I thoroughly enjoyed the way that American and International history and politics come to be part of the story, as a way to give us reference to the elements that have fed this conspiracy for years, since Chris Carter imagined it. In a time when we have so much turmoil in the world, it is notable how historic moments have reflected our nature as a society. Itâ€™s not a simple and done deal; this reality has tendrils that extend and tangle making it palpable for the curious, and quite educational for the younger minds.
The X-Files: Season 10 #10 - â€œMore Musings of a Cigarette Smoking Manâ€ - Written by Joe Harris, Art by menton3 with Tony Moy, Letters by Robbie Robbins, Edited by Denton J. Tipton and Executive Produced by Chris Carter.
Regular cover by Francesco Francavilla, RI Cover by menton3 and a Photo Subscription cover.
Iâ€™ll confess it. There was a moment, back in 1987 when I realized that my brother had a cooler toy than all of the ones I had. I didnâ€™t care for his sports stuff, or his building blocks, but he had gotten an Optimus Prime for Christmas and I was taken by it. The whole idea that a truck could turn into a talking robot and that it wasnâ€™t only on my TV but in my living room was stunning.
I wanted that truck so bad. I still want that truck so bad. Iâ€™ve been sort of a tomboy ever since and I love it. I have an enormous love for Back to the Future and I love every movie that has a car chase in itâ€¦ so when IDW announced The X-Files: Conspiracy series and that it included Transformers, I was immediately hooked.
Warning - SOME spoilers ahead!
I have to confess, too, that I have yet to read any other Transformers comics, but this issue reminded me of how much I love them. Paul Crilley nailed Bumblebeeâ€™s sense of humor and Optimusâ€™ fatherly nature, and explained their universe without thoroughly confusing the readers that might have no clue of what a â€œDecepticonâ€ is. I also believe that in terms of characterization, the Gunmen felt real and true to the universe that has been developed throughout this series. I especially liked the character development that he allowed for Langley and Bumblebee; it raised the stakes and gave motivation to the characters to respond to the situations they were presented. They stole the show.
The story, which I wonâ€™t explain in much detail for a change, is simple and it grabs you from the start, moving forward along the path of the Lone Gunmenâ€™s mission: to save us from a virus that might wipe out the US in just one week. I was very pleased with Dheeraj Vermaâ€™s work at the pencils, though I still have problems with how Byersâ€™ portrayal turns out in some of these. Donâ€™t get fooled though, this issue has very creative use of the art, with a style that suits the genre like a glove, presenting us with great visuals that supported the storytelling in a clever way and the especially breathtaking colors by Joana Lafuente. I think in terms of the look of this issue, that is the one thing that I couldnâ€™t get enough of. Amazing job.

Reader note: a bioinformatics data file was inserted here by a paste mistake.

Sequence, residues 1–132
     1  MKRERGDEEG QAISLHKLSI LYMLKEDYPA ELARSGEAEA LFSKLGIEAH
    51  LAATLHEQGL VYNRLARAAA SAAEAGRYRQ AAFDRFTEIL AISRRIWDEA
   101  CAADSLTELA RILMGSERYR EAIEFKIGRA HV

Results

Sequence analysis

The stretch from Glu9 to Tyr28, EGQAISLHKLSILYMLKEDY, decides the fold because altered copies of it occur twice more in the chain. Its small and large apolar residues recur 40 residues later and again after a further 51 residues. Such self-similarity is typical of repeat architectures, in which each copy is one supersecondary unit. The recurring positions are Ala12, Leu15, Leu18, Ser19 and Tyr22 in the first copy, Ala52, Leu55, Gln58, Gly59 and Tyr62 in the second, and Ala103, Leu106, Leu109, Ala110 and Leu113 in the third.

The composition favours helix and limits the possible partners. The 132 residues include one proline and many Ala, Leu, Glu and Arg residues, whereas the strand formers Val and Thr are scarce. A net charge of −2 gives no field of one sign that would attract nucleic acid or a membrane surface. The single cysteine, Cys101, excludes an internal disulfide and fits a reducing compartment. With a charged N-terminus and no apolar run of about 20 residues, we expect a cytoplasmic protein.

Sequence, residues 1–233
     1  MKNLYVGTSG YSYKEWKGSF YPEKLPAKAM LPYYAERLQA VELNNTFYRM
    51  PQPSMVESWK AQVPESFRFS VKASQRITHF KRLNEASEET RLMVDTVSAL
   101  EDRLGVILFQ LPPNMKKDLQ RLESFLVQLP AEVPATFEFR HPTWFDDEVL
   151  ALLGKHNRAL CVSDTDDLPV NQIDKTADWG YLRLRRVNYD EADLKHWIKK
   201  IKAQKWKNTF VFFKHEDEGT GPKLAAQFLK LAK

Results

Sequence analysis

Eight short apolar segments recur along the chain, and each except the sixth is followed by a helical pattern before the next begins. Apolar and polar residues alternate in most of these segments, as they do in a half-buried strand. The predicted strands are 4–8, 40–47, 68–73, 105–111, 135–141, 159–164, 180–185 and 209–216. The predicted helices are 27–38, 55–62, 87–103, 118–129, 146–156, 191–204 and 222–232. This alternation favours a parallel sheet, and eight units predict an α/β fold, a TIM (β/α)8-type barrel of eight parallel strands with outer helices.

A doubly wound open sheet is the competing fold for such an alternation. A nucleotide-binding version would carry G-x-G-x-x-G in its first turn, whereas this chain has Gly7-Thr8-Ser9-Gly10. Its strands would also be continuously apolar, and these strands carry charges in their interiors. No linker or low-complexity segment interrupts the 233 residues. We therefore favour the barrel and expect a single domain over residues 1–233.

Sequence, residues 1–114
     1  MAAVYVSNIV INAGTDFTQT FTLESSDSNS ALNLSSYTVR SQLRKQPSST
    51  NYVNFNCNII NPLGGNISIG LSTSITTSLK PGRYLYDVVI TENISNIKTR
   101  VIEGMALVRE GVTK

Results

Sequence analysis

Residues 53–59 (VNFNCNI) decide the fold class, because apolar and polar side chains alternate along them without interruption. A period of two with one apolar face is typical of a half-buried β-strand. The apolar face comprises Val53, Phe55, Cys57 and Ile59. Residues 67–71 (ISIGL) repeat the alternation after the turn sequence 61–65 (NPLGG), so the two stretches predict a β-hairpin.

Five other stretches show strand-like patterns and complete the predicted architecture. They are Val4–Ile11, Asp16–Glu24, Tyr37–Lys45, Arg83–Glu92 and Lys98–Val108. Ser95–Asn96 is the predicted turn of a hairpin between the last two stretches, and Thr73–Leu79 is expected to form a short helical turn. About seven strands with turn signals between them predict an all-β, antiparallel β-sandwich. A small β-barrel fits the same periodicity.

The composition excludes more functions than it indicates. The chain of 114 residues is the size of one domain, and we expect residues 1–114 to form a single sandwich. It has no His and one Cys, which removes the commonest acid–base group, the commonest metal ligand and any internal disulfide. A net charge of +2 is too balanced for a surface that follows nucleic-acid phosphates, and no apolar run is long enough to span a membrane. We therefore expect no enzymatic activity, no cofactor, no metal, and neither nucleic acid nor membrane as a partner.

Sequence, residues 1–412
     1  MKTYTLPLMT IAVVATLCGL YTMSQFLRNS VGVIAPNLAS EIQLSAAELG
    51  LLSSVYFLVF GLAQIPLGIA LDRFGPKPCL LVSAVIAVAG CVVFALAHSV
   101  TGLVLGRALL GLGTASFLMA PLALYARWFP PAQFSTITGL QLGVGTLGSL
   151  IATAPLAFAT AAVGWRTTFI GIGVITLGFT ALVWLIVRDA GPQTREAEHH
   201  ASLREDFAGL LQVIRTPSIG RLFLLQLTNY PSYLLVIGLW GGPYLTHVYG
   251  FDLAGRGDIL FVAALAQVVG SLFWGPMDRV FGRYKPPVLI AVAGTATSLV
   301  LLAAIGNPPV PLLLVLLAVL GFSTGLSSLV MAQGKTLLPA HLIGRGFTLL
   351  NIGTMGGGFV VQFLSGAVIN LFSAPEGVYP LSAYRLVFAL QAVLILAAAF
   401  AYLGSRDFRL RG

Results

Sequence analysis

As it turns out, Frohike, Langley and Byers manage to make a solid team with the amazing alien vehicles, saving Ratchet from the claws of Skylogic Systems, the sinister organization that seems to be behind the whole pandemic. They also find a way to get a sample that will help Scully and the CDC work on a possible vaccine to fight off the impending catastrophe - that is, if a final threat doesnâ€™t stop them. The last few frames set the cliffhanger for next monthâ€™s issue, which features The Crow.
The issue features with three great covers; the standard one by Miran Kim, a dark subscription cover with art and colors by Dheeraj Verma and Joana Lafuente, respectively, and a third and last RI cover with art by Joe Corroney and colors by Brian Miller of Hi-Fi Studios.
I continue to enjoy the way Conspiracy is being written, though I can understand why this might not be everyoneâ€™s cup of tea if you donâ€™t enjoy the comedic tone that may seep through some of the pages. I am very satisfied by this issue though, the fourth out of six in this series, and Iâ€™m really looking forward to the next one.